There are also three levels of positions in the career service, namely: (a) the first level shall include clerical, trades, crafts and custodial service positions which involve non-professional or sub-professional work in a nonsupervisory or supervisory capacity requiring less than four years of collegiate studies; (b) the second level shall include professional, technical, and scientific positions which involve professional, technical or scientific work in a non-supervisory or supervisory capacity requiring at least four years of college work up to Division Chief level; and (c) the third level shall cover positions in the Career Executive Service.32

Under the third level, such positions in the Career Executive Service are further classified into Undersecretary, Assistant Secretary, Bureau Director, Assistant Bureau Director, Regional Director, Assistant Regional Director, Chief of Department Service and other officers of equivalent rank as may be identified by the Career Executive Service Board, all of whom are appointed by the President.33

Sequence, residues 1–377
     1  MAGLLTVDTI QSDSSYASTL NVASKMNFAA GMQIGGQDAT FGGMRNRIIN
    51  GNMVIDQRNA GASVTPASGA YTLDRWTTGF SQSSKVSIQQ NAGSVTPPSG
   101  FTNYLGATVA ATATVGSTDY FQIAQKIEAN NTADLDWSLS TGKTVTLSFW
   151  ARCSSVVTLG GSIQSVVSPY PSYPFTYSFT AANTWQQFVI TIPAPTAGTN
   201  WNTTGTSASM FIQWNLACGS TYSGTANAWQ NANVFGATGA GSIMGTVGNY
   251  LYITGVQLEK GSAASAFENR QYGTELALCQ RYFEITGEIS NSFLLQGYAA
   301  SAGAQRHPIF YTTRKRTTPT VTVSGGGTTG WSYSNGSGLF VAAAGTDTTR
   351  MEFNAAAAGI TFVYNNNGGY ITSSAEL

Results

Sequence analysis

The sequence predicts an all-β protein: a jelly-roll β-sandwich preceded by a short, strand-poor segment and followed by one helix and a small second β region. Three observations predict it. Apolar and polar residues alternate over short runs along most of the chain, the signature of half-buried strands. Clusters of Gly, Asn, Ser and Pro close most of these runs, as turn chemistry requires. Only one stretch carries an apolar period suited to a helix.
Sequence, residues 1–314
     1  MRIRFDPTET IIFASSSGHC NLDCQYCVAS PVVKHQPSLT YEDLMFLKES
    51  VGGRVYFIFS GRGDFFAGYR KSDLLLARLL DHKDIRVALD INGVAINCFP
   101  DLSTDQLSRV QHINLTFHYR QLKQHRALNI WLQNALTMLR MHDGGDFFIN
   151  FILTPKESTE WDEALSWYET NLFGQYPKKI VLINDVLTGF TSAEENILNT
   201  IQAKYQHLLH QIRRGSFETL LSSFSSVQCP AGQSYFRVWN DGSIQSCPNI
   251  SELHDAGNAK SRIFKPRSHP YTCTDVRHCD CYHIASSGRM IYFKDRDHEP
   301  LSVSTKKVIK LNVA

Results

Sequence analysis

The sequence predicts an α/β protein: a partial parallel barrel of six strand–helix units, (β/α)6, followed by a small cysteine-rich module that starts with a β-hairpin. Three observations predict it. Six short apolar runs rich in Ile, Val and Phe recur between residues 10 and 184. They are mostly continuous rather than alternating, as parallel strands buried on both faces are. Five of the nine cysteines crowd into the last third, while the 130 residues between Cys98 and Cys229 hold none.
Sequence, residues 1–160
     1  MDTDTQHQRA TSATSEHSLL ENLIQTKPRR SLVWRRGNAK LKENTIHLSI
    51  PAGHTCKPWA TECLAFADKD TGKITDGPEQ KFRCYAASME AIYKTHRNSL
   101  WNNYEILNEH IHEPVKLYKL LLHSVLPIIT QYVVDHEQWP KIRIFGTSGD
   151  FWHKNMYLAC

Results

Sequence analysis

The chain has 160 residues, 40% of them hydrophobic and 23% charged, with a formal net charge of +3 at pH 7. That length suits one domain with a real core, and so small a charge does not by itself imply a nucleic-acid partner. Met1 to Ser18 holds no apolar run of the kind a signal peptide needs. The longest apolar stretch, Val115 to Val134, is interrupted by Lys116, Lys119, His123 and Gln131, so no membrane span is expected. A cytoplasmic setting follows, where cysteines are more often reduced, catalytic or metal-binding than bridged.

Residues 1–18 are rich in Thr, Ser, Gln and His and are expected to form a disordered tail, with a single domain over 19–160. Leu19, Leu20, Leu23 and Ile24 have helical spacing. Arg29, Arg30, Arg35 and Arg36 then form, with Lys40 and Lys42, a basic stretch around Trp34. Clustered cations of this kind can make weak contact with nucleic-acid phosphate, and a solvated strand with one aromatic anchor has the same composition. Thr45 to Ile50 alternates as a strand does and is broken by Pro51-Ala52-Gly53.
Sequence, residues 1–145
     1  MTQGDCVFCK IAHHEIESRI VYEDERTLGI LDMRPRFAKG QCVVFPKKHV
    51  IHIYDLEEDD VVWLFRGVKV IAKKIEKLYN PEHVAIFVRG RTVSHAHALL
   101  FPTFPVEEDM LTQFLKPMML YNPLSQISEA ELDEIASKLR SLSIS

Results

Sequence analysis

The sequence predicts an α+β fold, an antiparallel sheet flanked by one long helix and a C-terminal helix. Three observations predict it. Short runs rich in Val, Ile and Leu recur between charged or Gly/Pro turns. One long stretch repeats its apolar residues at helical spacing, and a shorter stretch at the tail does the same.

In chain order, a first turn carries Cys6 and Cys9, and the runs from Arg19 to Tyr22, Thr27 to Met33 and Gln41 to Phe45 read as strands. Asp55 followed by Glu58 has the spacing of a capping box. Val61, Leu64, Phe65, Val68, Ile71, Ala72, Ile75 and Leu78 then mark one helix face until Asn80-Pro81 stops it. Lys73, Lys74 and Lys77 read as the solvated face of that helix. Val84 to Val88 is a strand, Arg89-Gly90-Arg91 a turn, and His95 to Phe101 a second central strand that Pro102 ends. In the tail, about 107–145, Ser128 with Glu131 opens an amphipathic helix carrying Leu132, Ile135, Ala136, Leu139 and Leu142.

As to employment status and security of tenure, appointment in the career service shall be either permanent or temporary.34 Lack of civil service eligibility makes an appointment a temporary one and without a fixed and definite term and dependent entirely upon the pleasure of the appointing power.35 On the other hand, the acquisition of security of tenure is governed by the rules and regulations promulgated by the CESB.

Sections 2 and 3, Article I, Circular No. 2 Series of 2003 issued by the CESB provide:

Section 2. Membership in the CES. Upon inclusion of his/her name in the Roster of CES Eligibles after the conferment of CES Eligiblity and compliance with the other requirements prescribed by the Board, a CES Eligible assigned to any CES position and appointed by the President to a CES Rank becomes a member of the CES.

Section 3. Original Appointment to CES Rank. Appointment to appropriate classes, based on ranks in the CES, shall be made by the President from a list of CES Eligibles recommended by the Board.

Only a CES Eligible assigned to a CES position may be appointed by the President to a CES Rank. The Entry Rank in the CES shall be CESO Rank VI regardless of the position to which a CES Eligible is assigned.